P. MANANDHAR, P. CALVERT, J.R. BUCK
University of Massachusetts
Dartmouth, North Dartmouth, MA, USA
Strain gauges attached to elastic fabric sleeves to monitor body motions could be used in rehabilitation from injury, training and health monitoring. This paper describes a soft hydrogel strain gauge where conduction is via salt solution in the gel. Use of AC sensing eliminates electrochemical effects.
An array of 5 sensors on a knitted sleeve around the elbow of a robot arm gives strain readings corresponding to the position of each sensor and the bend of the elbow. The single phase sensor material does not exhibit relaxation and hysteresis effects present in carbon filled elastomers and conducting polymer coated fabric sensors.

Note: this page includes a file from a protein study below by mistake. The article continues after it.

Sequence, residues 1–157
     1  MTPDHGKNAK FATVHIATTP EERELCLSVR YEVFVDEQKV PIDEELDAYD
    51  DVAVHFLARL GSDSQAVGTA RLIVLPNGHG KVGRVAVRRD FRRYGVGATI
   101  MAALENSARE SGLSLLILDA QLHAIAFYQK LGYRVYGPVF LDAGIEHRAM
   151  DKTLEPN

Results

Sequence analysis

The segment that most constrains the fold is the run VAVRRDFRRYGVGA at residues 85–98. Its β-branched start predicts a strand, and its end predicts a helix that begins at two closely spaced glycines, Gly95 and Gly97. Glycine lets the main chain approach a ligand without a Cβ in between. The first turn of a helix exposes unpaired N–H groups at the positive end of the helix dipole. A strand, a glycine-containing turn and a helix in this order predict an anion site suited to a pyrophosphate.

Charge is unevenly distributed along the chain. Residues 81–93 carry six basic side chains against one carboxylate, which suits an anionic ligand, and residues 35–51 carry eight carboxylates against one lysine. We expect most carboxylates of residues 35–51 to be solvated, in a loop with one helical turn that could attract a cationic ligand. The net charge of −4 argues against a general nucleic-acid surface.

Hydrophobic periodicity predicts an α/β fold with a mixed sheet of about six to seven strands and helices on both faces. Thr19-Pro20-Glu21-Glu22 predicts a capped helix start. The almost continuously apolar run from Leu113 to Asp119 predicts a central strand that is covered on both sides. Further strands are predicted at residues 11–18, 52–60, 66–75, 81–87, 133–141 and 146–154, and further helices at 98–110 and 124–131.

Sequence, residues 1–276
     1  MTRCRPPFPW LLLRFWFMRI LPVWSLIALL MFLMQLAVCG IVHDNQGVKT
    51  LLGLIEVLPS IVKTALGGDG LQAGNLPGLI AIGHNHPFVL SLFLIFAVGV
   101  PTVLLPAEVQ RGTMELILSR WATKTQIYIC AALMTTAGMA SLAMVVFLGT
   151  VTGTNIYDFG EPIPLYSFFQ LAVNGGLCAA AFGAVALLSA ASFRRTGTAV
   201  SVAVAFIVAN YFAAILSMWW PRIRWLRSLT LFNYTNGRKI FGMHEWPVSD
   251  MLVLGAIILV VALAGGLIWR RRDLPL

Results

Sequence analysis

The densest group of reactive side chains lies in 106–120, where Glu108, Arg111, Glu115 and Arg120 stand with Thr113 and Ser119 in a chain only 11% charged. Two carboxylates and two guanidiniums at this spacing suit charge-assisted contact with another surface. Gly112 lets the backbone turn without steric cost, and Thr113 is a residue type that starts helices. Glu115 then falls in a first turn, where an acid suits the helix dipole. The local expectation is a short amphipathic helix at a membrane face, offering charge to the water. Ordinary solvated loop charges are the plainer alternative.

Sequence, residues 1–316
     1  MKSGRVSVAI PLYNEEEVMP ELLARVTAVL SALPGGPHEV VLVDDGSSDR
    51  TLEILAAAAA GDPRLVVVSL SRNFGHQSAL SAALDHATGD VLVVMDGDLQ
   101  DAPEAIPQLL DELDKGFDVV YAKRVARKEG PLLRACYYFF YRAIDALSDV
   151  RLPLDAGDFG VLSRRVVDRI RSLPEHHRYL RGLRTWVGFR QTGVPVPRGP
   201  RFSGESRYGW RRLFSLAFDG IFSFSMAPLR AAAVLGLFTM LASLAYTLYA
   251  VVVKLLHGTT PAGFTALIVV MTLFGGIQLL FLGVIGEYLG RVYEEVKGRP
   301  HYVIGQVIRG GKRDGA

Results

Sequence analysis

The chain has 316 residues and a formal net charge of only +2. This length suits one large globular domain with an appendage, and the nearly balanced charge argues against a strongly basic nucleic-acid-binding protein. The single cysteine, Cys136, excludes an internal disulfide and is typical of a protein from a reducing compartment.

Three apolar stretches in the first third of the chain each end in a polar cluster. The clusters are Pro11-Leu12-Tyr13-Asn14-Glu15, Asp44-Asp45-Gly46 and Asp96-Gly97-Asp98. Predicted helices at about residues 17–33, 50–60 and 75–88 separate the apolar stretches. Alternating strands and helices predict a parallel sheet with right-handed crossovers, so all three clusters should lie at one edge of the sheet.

This makes the hydrogel sensor easier to use in real-time strain monitoring situations. The gauge factor of the sensor is about 2 which results in quite good signal to noise ratio when we are monitoring large strains.
The hydrogel sensor does drift due to drying, which could be greatly reduced with an encapsulating film. Connecting the sensors to flexible and stretchable wiring on a soft substrate can also be difficult.
These materials and their connections can be printed such that arrays of sensors and connectors could be developed for a disposable sleeve.